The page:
Of mice and men

Of mice and men

July 1, 2002

Who could have imagined that a small army of mice might one day fight in the war against AIDS? Sound a little far fetched? Not really. It's exactly what experts like Dr. Paul Jolicoeur would like to see happen in the near future.

In fact, Dr. Jolicoeur knows what he's talking about. He has been working with mice for the last 10 years. In collaboration with his research team at the Clinical Research Institute of Montreal (CRIM), he's trying to develop a mouse strain (animal model) that can be infected with the human immunodeficiency virus (HIV). The challenge? To use genetic engineering to develop a strain of mice that has the human genes needed to be infected by HIV, and that will then react to the virus in somewhat the same way that a human would.

There is still no AIDS vaccine. And no animal model for clinical trials of potential vaccines. And yet, many people incorrectly believe that it's possible to live peacefully with AIDS. Even though new therapies have helped people with AIDS live longer and better lives, HIV infection remains a serious problem with many adverse consequences.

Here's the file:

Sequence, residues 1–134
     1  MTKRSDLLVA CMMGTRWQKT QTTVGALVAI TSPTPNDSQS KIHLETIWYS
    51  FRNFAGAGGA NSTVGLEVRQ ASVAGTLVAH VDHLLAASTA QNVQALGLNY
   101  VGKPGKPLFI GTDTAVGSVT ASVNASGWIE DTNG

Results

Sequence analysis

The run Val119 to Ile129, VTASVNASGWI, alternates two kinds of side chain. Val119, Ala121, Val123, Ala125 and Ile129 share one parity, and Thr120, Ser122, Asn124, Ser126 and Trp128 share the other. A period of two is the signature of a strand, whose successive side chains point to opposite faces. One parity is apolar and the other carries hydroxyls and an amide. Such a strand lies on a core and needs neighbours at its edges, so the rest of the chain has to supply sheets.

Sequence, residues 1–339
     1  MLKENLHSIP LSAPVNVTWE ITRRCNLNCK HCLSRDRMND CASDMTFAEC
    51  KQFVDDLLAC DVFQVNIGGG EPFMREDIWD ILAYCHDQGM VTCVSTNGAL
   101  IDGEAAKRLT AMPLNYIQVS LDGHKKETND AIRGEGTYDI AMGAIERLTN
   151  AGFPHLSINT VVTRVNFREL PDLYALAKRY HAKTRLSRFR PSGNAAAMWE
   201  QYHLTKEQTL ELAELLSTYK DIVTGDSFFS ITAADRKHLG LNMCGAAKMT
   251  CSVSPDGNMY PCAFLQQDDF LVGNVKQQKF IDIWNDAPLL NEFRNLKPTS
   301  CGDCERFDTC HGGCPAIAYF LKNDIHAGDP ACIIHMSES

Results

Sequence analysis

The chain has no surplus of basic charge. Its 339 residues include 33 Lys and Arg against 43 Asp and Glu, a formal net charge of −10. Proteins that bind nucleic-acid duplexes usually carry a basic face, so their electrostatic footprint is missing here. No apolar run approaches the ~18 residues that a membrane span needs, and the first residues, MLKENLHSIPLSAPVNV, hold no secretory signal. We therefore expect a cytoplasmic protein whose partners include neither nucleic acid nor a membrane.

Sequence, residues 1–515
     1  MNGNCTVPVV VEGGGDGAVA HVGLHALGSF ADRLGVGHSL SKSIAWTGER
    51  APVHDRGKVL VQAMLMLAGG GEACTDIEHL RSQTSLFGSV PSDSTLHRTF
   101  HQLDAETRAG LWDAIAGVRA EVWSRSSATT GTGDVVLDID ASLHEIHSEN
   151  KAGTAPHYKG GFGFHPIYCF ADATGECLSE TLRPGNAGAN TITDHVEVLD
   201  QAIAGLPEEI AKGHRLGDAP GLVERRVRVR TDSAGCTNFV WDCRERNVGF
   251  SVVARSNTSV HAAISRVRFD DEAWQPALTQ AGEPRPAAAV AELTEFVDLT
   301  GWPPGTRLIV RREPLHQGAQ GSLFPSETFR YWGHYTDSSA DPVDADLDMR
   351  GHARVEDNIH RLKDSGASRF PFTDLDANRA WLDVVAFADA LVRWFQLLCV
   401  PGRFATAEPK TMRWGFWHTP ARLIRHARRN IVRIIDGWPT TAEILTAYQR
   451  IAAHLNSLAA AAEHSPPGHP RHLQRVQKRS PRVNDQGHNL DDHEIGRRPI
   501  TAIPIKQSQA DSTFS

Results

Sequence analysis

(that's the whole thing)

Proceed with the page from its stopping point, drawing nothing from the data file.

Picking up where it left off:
Indeed, AIDS is now the biggest killer in Sub-Saharan Africa, and the fourth most lethal virus in the world. And 21 years after the discovery of the virus, AIDS has now become the most devastating virus in the history of humankind. More than 60 million people have been infected since AIDS was first discovered in 1981, including 5 million in 2001 alone.

According to the latest statistics in a December 2001 United Nations report, 40 million people now live with HIV/AIDS. One-third of these people are between the ages of 15 and 24—and they don't even know they carry the virus.

In 2000, Health Canada estimated that some 50,000 Canadians were living with HIV/AIDS—a 24 percent increase from 1996. Health Canada added that about 15,000 Canadians who have been infected with HIV don't yet know that they are HIV-positive. These figures provide the best indication yet that both the AIDS epidemic and the wave of new HIV cases are far from over.